I think there's a miscommunication here. Streaming in this context means playing a modern 3D game while doing real time capture, MPEG4 encoding, and delivery for others to watch.
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Re: First Time Builder-Requesting Assistance

Postposted on Mon May 06, 2013 11:56 am

Yeah, streaming video games. Such as found on Twitch.tv. He'd be the one publishing the content, not consuming it. I didn't realize there was a mixup till examples were given. ><

That would be rather silly buying a $550 processor to watch youtube videos.
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Re: First Time Builder-Requesting Assistance

Postposted on Mon May 06, 2013 12:57 pm

I wouldn't recommend a GTX 680.

Save a few bucks and get the EVGA 670 FTW. It uses the same full long PCB as the GTX 680 and in my experience it automatically overclocks to 1215 MHz. Great card and you will probably save $100-200 vs the 680 you are looking at (too lazy to google prices).

OR

Wait 2 weeks and get a GTX 780 instead of a 680 as it will be based on a cut down version of Geforce Titan in the $600 area. A MUCH better buy than a 680 at this point.
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Re: First Time Builder-Requesting Assistance

Postposted on Mon May 06, 2013 1:11 pm

Prestige Worldwide wrote:OR

Wait 2 weeks and get a GTX 780 instead of a 680 as it will be based on a cut down version of Geforce Titan in the $600 area. A MUCH better buy than a 680 at this point.

Don't quote these prices. Yes, the 7xx series will/should offer better perfromance (and probably better value) by dropping faster chips into lower model numbers, but there's no guaratnee that the 7xx series will be priced at the same exact points, and the immediate hype of the cards might mean higher initial prices than when they finally settle to where the market actually wants them.

I don't mean to directly challege your point about prices and power. I just don't think your timing will match up with those prices.
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Re: First Time Builder-Requesting Assistance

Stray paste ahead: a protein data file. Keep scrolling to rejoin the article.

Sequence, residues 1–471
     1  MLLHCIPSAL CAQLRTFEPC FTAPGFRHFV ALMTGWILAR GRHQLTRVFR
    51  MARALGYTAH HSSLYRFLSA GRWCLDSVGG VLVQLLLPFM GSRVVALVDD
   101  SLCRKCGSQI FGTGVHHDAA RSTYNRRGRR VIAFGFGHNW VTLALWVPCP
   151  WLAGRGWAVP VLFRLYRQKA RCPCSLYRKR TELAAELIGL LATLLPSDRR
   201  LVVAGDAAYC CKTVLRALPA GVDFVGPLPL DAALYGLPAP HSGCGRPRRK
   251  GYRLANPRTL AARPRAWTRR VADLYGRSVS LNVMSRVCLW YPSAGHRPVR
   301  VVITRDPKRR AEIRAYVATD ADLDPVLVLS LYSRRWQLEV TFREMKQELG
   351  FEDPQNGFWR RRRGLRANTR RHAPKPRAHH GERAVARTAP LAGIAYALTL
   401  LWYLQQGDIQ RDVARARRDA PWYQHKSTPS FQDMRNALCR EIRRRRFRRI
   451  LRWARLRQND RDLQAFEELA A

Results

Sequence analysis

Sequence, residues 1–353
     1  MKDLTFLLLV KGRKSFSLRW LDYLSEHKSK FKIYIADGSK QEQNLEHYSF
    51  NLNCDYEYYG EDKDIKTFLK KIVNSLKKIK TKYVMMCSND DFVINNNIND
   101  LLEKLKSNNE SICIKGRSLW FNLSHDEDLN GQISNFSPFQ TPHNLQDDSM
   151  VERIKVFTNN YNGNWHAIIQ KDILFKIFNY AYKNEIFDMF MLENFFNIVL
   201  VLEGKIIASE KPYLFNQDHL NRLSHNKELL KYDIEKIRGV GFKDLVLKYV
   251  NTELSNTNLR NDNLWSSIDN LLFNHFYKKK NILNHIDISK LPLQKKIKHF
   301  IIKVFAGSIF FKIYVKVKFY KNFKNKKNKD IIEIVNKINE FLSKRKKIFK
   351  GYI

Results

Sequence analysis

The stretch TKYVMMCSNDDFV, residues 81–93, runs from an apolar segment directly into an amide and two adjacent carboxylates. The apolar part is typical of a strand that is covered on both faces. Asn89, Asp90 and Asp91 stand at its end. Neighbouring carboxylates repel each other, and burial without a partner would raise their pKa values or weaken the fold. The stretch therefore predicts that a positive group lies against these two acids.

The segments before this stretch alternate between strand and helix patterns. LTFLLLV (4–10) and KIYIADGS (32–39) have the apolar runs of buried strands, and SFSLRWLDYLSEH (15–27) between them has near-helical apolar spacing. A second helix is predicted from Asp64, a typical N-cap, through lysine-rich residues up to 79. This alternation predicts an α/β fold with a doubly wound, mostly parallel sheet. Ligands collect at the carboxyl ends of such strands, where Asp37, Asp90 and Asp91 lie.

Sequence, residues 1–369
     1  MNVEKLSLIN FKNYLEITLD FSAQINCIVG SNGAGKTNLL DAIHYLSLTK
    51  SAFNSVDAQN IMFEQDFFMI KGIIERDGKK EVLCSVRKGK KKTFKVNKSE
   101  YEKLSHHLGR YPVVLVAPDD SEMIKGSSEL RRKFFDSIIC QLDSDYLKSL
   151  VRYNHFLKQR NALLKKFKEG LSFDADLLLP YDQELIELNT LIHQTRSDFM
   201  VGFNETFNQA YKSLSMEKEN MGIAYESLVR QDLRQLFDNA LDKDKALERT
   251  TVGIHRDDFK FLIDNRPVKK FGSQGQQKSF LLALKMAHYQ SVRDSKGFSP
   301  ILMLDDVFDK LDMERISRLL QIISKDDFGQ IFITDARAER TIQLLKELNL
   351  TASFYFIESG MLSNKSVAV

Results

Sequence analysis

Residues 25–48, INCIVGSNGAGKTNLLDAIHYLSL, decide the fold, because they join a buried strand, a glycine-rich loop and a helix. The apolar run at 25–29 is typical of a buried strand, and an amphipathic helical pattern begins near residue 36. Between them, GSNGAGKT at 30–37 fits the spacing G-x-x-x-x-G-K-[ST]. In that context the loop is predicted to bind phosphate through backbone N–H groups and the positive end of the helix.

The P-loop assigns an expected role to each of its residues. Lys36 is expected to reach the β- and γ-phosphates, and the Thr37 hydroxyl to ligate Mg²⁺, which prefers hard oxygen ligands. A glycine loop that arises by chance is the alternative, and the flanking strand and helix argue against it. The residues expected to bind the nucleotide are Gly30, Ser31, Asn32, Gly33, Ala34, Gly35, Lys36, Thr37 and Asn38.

Postposted on Mon May 06, 2013 1:45 pm

Fair point, should have stated this is a rumoured price.
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Re: First Time Builder-Requesting Assistance

Postposted on Mon May 06, 2013 9:15 pm

Ryu Connor wrote: Streaming in this context means playing a modern 3D game while doing real time capture, MPEG4 encoding, and delivery for others to watch.
Right. Essentially similar to the task that Slingbox does for a fraction of the price of the Sandy Bridge-E processor.
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Re: First Time Builder-Requesting Assistance

Postposted on Tue May 07, 2013 12:41 am

...well so much for this being a communication. Streaming isn't the same encoding a video for a slingbox, it's not the same as simply encoding a video in the background while playing a game. I don't think if I keep saying that it's going to change anything though. :l

Just download OBS, setup a 1080p profile, hook it into BF3, and play a little bit and you'll get a general feel for why I'm recommending a half a thousand dollar processor. With either of the rigs in your signature you'll definitely feel the burn. Run fraps while it's happening for bonus points.
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Re: First Time Builder-Requesting Assistance

Postposted on Tue May 07, 2013 4:08 am

You plug an HDMI or component video source into Slingbox. It encodes the 1080p video from there and streams it up to the internet. The heart of the device is a low-power TI DSP. The complete unit costs a fraction of the price difference between Ivy Bridge and Sandy Bridge-E. Why do we need an extra 900 million transistors in the CPU for that?

If it really is the case that you need to spend $570 or more on a CPU to handle the encoding and streaming (again: data, please), then perhaps you're going about the task very inefficiently. If an inexpensive standalone device doesn't provide as much customization as you'd like, there may still be more efficient solutions. If you're using a completely x86 encoding engine now, maybe you should switch to some codecs that can use Intel's Quick Sync Video on a Haswell processor.